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Open Educational Resources (OER) Guide for Faculty

A how-to guide on finding and adopting open educational resources (OER) for Northwestern University courses.

Open Educational Resources

According the Hewlett Foundation, Open Educational Resources (OER) are "high-quality teaching, learning, and research materials that are free for people everywhere to use and repurpose."[5] Common examples of OER include textbooks, online courses, lesson plans, software, text, audio, and video. With OER, you are free to download, print, share, and adapt without restrictions.

OER gives instructors the right to retain, reuse, revise, remix, and redistribute open textbooks.

  • Retain - the right to make, own, and control copies of the content (e.g., download, duplicate, store, and manage)
  • Reuse - the right to use the content in a wide range of ways (e.g., in a class, in a study group, on a website, in a video)
  • Revise - the right to adapt, adjust, modify, or alter the content itself (e.g., translate the content into another language)
  • Remix - the right to combine the original or revised content with other material to create something new (e.g., incorporate the content into a mashup)
  • Redistribute - the right to share copies of the original content, your revisions, or your remixes with others (e.g., give a copy of the content to a friend)[5]

Video: OpenOregon. (2015). OER basics [Video file]. Retrieved from

College Textbook Affordability

College textbooks are expensive. Northwestern undergraduate students are advised to budget $1200 per year for course materials. While tuition and fees are often non-negotiable, textbook costs vary student by student. Studies have shown that textbook affordability can hinder a student's learning experience. Results from national surveys have estimated that 65% of students have decided against buying a textbook because of the cost and 16% have opted for pirated copies from illegal file sharing websites.[1,2] For undergraduate courses, Open Educational Resources, such as Open Textbooks, have been developed and adopted to address this problem.[4]

Graph: United States Government Accountability Office. (2013). Figure 1: Estimated increases in new college textbook prices, college tuition and fees, and overall consumer price inflation, 2002 to 2012 [Graph]. In College textbooks: Students have greater access to textbook information. Washington DC. Retrieved from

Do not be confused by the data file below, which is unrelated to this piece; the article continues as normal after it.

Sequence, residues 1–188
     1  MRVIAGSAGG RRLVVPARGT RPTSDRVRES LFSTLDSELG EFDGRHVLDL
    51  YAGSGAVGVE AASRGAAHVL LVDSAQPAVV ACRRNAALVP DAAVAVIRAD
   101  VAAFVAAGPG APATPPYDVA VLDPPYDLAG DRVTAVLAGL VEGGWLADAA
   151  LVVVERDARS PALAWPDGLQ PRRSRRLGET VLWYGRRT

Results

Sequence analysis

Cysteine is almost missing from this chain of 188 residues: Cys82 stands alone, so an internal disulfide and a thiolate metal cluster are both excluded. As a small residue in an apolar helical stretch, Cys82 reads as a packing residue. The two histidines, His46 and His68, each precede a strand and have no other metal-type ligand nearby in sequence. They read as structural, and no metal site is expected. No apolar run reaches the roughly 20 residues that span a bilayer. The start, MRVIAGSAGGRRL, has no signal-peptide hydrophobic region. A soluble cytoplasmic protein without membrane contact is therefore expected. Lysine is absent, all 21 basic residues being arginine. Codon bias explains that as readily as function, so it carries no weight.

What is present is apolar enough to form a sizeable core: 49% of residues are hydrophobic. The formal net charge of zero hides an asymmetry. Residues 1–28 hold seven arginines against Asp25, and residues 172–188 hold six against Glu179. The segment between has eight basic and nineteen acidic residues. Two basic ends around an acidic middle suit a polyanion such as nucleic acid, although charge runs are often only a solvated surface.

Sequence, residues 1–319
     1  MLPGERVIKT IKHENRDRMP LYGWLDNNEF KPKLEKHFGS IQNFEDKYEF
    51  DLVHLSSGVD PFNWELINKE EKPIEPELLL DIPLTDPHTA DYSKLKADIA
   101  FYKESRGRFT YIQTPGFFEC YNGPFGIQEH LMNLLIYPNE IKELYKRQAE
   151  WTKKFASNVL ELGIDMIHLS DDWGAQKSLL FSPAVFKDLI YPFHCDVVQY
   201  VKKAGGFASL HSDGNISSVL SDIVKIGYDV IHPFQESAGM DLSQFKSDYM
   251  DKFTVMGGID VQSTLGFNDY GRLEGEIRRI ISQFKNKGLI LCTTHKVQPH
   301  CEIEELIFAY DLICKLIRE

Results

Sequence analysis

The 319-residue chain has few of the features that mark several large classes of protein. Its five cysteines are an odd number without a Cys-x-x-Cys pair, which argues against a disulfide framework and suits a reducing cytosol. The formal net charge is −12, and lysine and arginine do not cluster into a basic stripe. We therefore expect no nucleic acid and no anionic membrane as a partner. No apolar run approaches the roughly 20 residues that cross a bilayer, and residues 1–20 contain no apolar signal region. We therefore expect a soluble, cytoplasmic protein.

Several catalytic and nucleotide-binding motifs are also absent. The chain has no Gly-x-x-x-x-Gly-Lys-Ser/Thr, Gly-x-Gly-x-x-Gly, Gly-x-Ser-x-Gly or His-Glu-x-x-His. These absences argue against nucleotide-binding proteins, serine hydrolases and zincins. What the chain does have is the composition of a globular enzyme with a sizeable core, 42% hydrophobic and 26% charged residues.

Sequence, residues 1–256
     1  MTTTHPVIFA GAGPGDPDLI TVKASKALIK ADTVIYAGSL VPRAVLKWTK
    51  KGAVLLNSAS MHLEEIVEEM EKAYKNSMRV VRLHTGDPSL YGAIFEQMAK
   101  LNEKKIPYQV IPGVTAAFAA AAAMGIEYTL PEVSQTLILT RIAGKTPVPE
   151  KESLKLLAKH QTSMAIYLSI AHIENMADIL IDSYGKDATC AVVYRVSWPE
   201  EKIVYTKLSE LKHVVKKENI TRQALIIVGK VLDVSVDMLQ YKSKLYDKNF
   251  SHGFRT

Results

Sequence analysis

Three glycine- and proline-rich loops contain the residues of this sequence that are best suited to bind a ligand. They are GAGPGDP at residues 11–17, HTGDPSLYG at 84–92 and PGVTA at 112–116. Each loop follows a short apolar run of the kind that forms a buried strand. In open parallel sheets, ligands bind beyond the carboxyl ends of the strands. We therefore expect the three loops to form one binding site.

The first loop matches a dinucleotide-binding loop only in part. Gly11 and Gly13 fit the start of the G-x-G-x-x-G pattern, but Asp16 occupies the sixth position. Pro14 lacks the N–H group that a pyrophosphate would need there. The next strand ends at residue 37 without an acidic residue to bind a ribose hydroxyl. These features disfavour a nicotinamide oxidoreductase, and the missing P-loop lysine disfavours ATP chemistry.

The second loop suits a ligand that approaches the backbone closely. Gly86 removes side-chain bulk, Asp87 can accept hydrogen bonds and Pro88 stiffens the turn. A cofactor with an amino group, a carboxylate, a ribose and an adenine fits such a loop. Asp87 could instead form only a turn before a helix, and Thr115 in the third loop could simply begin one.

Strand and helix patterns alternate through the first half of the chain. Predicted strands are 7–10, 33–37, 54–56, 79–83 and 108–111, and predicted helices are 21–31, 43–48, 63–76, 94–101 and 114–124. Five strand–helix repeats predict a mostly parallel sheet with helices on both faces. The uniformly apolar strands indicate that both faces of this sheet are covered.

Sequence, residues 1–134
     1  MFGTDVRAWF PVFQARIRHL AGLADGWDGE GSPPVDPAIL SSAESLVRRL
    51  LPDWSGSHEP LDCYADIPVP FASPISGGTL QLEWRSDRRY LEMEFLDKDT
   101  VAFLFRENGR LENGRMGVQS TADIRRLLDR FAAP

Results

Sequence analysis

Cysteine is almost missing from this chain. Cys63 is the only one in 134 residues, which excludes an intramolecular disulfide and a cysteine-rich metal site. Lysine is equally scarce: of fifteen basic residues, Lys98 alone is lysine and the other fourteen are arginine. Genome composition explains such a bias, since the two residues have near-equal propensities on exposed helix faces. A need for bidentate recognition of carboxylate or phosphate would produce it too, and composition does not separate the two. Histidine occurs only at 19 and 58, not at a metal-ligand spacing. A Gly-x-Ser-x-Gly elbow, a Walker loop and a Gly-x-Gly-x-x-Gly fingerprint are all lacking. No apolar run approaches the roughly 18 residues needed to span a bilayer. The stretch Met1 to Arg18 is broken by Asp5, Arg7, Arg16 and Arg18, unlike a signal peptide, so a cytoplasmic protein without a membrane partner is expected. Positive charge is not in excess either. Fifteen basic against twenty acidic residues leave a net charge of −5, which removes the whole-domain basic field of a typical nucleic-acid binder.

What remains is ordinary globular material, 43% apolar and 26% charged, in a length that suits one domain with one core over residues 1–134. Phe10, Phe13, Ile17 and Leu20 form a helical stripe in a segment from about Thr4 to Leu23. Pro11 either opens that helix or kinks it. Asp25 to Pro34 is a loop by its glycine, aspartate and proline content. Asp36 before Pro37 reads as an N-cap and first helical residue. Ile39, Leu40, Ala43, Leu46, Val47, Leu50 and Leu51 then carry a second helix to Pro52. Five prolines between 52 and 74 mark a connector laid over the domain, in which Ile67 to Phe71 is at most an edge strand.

Chart: Impact of Textbook Costs on Students

Source: "2016 Student Textbook and Course Materials Survey: Results and Findings," Florida Virtual Campus Office of Distance Learning and Student Services

Are Open Textbooks Effective?

Yes. Numerous peer-reviewed studies have been published that compare the effectiveness of OER as teaching tools. Generally, the studies conclude that open textbooks contribute to higher test scores, lower failure rates, lower dropout rates, and that both students and faculty are satisfied with their experience using open textbooks.[6] 

Video: Research Shorts. (2016). A review of the effectiveness and perceptions of open educational resources as compared to textbooks [Video file]. Retrieved from

Works Cited

[1] Senak, E. (2014). Fixing the broken textbook market. Student Public Research Interest Group. Boston, MA. Retrieved from

[2] The Nielsen Company. (2016). Textbook trends: How U.S. college students source course materials. Insights (blog). Retrieved from

[3] Wiley, D., Bliss, T.j., and McEwen, M. (2013). Open educational resources: A review of the literature. In Specter, J.M. et al (Eds.) Handbook of Research on Educational Communications and Technology (pp. 781-789). (New York, NY: Spinger). doi: 10.1007/978-1-4614-3185-5_63

[4] This material was created by David Wiley and published freely under a Creative Commons Attribution 4.0 license at

[5] William and Flora Hewlett Foundation. "Open Educational Resources: Overview." (2017) Retrieved from

[6] Hilton, J. (2016). Open educational resources and college textbook choices: A review of research on efficacy and perceptions. Educational Technology Research and Development, 64:4, 573-590. doi:10.1007/s11423-016-9434-9